Research on inequality in Africa is a recent phenomenon. Most studies began in the early 1990s, with increased availability of household budget surveys for countries on the continent. The advent of Poverty Reduction Strategy Papers (PRSPs) and Millennium Development Goals (MDGs), which moved the debate towards issues of pro-poor growth, also required discussion on the nature and trends of inequality. Another reason was the important lesson coming from a number of countries that although growth may be necessary, it is not sufficient for a significant reduction of poverty and inequality. Additional policy measures were needed to direct proceeds of growth towards social policies that fight poverty and inequality.
 
With the exception of a few cases, most of Southern Africa lack knowledge and information on inequality although the experience of inequality is alive. There seems to be not many studies around that examined the relationship between poverty, inequality and growth on the one hand and social policy on the other. Only a small number of studies examined the underlying factors driving inequality. In the last few years, however, efforts in that direction have become more common with the use of assets or capability-based measures of inequality (and poverty) and the use of computer general equilibrium (CGE) models to asses impacts of various policies on both growth and distribution.
 
It is imperative that a knowledge bank on inequality be developed, so that advocacy for policy changes needed to reduce inequality is evidence-based.
 
Resource-rich and poor human development paradox
 
Southern Africa is a region of paradoxes. It is a resource-rich region and houses a significant number of “middle- income economies” relative to the rest of the continent’s other sub-regions. Precious and high value commodities are readily extracted from the region to feed the metropolis under various forms of export-led development strategies. In recent years, the region has been posting high rates of economic growth averaging six percent, with Angola, Mozambique and Malawi being touted amongst the fastest growing economies in the world registering much higher economic growth rates.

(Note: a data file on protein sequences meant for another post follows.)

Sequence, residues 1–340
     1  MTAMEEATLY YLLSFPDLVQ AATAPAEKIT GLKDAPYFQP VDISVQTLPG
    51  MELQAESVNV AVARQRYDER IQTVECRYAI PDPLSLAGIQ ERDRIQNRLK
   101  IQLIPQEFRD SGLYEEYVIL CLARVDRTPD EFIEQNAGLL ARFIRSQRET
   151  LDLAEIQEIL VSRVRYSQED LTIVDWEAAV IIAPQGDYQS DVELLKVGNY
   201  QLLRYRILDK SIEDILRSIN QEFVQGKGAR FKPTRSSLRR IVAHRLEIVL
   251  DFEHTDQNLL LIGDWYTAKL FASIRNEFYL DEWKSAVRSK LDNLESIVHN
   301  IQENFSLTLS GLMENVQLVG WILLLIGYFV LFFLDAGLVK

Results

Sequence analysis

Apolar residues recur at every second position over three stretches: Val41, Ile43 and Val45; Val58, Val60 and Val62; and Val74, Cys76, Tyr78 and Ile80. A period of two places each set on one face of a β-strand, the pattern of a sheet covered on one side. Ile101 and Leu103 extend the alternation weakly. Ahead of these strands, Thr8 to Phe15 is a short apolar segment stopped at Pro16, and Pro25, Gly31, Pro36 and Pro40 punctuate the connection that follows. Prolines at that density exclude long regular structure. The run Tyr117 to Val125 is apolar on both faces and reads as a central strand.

Yet, despite these developments, statistics glaringly show that poverty and inequality have in fact worsened in the last two decades. The paradox of being rich in mineral resources but poor in human development has produced some kind of resource curse2 in countries of the region. The region remains one of the poorest in the world. For example conservative estimates point out that forty five percent of the population of SADC lives on US$1 per day. Life expectancy has declined dramatically in many countries of the region, from a previous high of 60 years, to a current low of 33 years3. Current development strategies are failing to eliminate inequality which appears to be entrenched, existing within countries and between countries of the region. It is driven by historical factors of politics, race, gender, ethnicity, class, region and  geography, income and assets.
 
For this reason, it is important to continuously document trends and experiences of inequality with a view to influencing public policy choices and development endeavors.
 
Tearing us Apart: Inequalities in southern Africa (edited by Herbert Jauch and Deprose Muchena) provides detailed analysis and expert insight and some thought-provoking policy options.